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HEADS UP TACKLING Component 3. TERMINOLOGY As a coach, our words convey powerful messages and tell young players what is important What are you actually.

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Presentation on theme: "HEADS UP TACKLING Component 3. TERMINOLOGY As a coach, our words convey powerful messages and tell young players what is important What are you actually."— Presentation transcript:

1 HEADS UP TACKLING Component 3

2 TERMINOLOGY As a coach, our words convey powerful messages and tell young players what is important What are you actually telling your player to do? Point of contact Consistent terminology leads to better teaching

3 PSYCHOLOGY OF BUILDING CONFIDENCE Some youths are instinctively aggressive and eager for contact; many more have some initial reservation –The initial fear is real How to overcome the fear Confidence comes through repeated success Look for behavior signs of youngsters lacking confidence Kids play sports for fun Levels of Contact

4 LEVELS OF CONTACT AIRLIVE ACTIONTHUDCONTROLBAGS Players run a drill unopposed without contact. Drill is run against a bag or another soft- contact surface. Drill is run at assigned speed until the moment of contact; one player is pre-determined the “winner” by the coach. Contact remains above the waist and players stay on their feet. Drill is run at assigned speed through the moment of contact; no pre- determined “winner.” Contact remains above the waist, players stay on their feet and a quick whistle ends the drill. Drill is run in game- like conditions and is the only time that players are taken to the ground.

5 BREAKDOWN BUZZ HIT POSITION SHOOT RIP TACKLE PROGRESSION

6 POINTS OF CONTACT & TERMINOLOGY The point of contact is the area of the tackler that makes contact first with an opposing ball-carrier USA Football teaches the shoulder tackle as part of its Heads Up Tackling program The defender “slides” his head to the side of an oncoming ball- carrier as he initiates contact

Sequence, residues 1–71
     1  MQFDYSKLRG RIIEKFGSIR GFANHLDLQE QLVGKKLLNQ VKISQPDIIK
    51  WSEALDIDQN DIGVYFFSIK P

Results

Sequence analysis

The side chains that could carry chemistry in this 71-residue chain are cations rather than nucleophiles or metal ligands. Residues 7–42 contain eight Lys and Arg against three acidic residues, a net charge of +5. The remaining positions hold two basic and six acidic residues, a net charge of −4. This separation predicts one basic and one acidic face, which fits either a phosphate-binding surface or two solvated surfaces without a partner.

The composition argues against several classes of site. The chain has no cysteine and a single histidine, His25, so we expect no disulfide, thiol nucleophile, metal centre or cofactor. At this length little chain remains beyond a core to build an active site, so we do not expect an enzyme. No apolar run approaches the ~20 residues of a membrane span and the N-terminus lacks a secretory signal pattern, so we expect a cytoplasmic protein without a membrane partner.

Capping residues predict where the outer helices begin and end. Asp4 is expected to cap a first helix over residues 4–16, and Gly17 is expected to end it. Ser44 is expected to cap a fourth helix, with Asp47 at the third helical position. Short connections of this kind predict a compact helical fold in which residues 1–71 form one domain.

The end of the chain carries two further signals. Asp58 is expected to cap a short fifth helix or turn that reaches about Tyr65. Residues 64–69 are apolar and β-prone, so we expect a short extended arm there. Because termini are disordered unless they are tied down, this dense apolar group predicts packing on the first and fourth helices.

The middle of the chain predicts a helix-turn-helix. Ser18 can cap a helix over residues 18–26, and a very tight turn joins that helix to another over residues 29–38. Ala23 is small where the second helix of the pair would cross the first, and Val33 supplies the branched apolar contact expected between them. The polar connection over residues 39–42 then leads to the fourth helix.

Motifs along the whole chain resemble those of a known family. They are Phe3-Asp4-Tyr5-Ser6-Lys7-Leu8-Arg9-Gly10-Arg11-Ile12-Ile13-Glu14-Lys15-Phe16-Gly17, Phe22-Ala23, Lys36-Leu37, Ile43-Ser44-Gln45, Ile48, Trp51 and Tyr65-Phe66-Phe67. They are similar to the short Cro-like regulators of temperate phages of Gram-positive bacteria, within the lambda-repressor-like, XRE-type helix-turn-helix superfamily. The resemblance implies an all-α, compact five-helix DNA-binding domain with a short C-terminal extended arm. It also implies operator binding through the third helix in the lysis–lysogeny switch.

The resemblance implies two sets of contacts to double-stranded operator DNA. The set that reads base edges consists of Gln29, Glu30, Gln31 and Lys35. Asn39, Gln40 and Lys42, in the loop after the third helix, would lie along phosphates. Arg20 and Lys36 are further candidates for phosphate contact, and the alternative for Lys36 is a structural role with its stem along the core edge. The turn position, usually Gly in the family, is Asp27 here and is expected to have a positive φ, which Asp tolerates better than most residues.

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8 BREAKDOWN Knees bent, feet shoulder-width apart, upper body in a 45-degree lean, chin up and over toes Weight on balls of feet (not toes) Players gather themselves in a breakdown position when “buzzing” the feet Teaching progression: FEET  SQUEEZE  SINK  HANDS

9 BUZZ Quick, choppy, heel-to-toe steps to bring the body under control while continuing to gain ground Once within “striking distance” of ball-carrier, buzz feet to widen base and sink the hips Keep original 45-degree lean

10 HIT POSITION Body position at moment of impact After closing to the ball-carrier, take a short downhill power step Have a bend in both knees, with back foot directly under your hips Head and eyes up, shoulders square to contact

11 SHOOT Forcefully explode hips open and upward Use large muscle groups of lower body to produce a powerful tackle To finish, continue to the drive legs while working up and through opponent

12 RIP Upper body movement to secure the tackle “Punch” both arms in an uppercut motion to backside of ball-carrier Work up and through, not around; “climb” the ball-carrier Secure tackle by “grabbing cloth” at back of ball-carrier’s jersey with elbows tight to his sides

13 HEADS UP FOOTBALL DRILLS PUTTING IT ALL TOGETHER ① Step-Over Tackle ② Pop-Up Tackle INTRODUCTION TO CONTACT ① One Foot Tackle ② Freeze Tackle BASICS ① Straight-On Tackle ② Angle Tackle ③ Lane Tackle ④ Open Field Tackle FIX/FOCUS ① Leverage Tackle ② Three Rips ③ Grapple Tackle ④ Finish Tackle ⑤ Bag Series

14 TACKLE CIRCUIT Integrate this period into your practice plan Tackling is the most important all-player skill A separate period conveys its importance Teams that tackle well are competitive Basics 10 to 20 minutes every practice Multiple stations Maximize number of reps Small groups Individual attention One coach per station Change levels of contact Air, Bags, Control, Thud Keep players on their feet

15 TACKLE CIRCUIT PROGRAMMING EARLY SEASON Follow skill progression Same skill all stations Instill circuit to create habit Acclimate using Levels of Contact IN-SEASON Different drills at each station Focus on more skills per session In-week progression Seasonal volume Levels of contact TROUBLESHOOTING Circuit drills as the “fix” Why players/teams miss tackles? Correlate drill responsible for THAT fundamental

16 Using proper verbiage for a safer, more positive game Helping players and parents become more confident in the collision How to use Levels of Contact to control total contact in practice and teach in a progressive manner The 5 fundamentals of Heads Up Tackling Applying the 5 fundamentals to other tackle drills What A Coach Needs To Know


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